PROVIDENCE, R.I. (WPRI) — When John Kirk first opened Masa Taqueria, a pop-up taco shop and catering company in Providence, his main goal was to make and serve great food.
But he’s had to make some adjustments since then, as he struggles to stay afloat due to nationwide supply shortages and delays.
“The last few months have just been the worst,” Kirk said. “It’s been impossible to find to-go containers. I’m having to substitute different brands for different items that I usually get … I have to sacrifice quality, which kind of pains me as a chef.”
Kirk said he’s had to raise his prices because the cost of the food products he buys has doubled, and in some cases, tripled.
“I was paying $1.79 for beef shoulders. That cost has shot up to over $4,” he said. “Just in the last two months, my cheese cost has increased from $57 a case to over $90 a case some weeks.”
Masa Taqueria calls Rock & Rye on Atwells Avenue home Thursday through Saturday, and it’s where Kirk primarily makes and serves his popular tacos.
Kirk said his customers have been less than enthused about the price hikes.
“There’s a lot more at stake than ‘we’re raising the prices because we’re greedy,'” Kirk explained. “Most restaurant owners are small business owners and they have one business and it’s their livelihood, their lifeblood.”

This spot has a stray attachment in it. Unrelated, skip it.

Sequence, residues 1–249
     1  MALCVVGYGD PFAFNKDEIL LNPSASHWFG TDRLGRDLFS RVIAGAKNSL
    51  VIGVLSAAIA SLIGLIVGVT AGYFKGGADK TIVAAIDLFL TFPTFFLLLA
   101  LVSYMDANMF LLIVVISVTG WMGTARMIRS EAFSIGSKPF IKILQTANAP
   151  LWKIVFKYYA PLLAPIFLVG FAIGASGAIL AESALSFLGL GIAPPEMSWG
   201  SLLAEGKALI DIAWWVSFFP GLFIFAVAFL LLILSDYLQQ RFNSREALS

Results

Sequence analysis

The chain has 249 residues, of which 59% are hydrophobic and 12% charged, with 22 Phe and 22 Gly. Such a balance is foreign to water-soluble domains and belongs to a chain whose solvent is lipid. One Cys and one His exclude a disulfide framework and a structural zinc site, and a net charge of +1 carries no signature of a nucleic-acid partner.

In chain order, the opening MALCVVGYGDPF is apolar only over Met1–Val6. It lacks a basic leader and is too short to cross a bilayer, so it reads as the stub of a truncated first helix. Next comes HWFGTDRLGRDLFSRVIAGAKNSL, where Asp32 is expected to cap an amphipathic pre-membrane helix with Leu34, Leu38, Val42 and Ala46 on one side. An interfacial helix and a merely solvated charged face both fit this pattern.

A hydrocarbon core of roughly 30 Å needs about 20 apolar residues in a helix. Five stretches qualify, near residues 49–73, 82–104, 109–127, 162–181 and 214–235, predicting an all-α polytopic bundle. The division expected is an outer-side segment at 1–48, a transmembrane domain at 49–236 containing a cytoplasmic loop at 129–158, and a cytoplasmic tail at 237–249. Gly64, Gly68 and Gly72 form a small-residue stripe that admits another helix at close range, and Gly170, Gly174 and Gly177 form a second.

“You’ve got to do what you got to do to stay afloat,” he continued.
If any good has come from this situation, Kirk said that the restaurant industry has been working together.
“Before the pandemic, there was a lot of cutthroat attitude with a lot of vendors where it was like, ‘Oh, you’re getting this from this person? Why aren’t you getting it from me? I’ll drop this price,'” Kirk explained. “Now, there’s a lot more of, ‘I can’t get this, but this vendor might be able to.'”
The supply chain issues are impacting larger chains too, according to Bob Bacon, owner of Gregg’s Restaurants.
Bacon said the company has had trouble finding affordable chicken fingers and wings, as well as graham cracker crumbs for its famous desserts.
“It’s been an ongoing battle since last spring,” he said.
Bacon said it all came to a tipping point last week, when the restaurant started taking orders for Thanksgiving and Christmas. He said they’ve had trouble finding the ingredients necessary to make some of their signature dishes.
For example, Bacon said the cost of French fries has skyrocketed, so much so that Gregg’s is paying $40,000 more than they did last year. And when it comes to purchasing onion rings, Bacon said forget it.
Kirk hopes customers will keep these shortages and delays in mind when choosing to dine out.
“A lot of people, they rely on this business to get by and to provide for their families and everything,” Kirk said. “We’re all just trying to get paid and pay our bills so, you know, be nice.”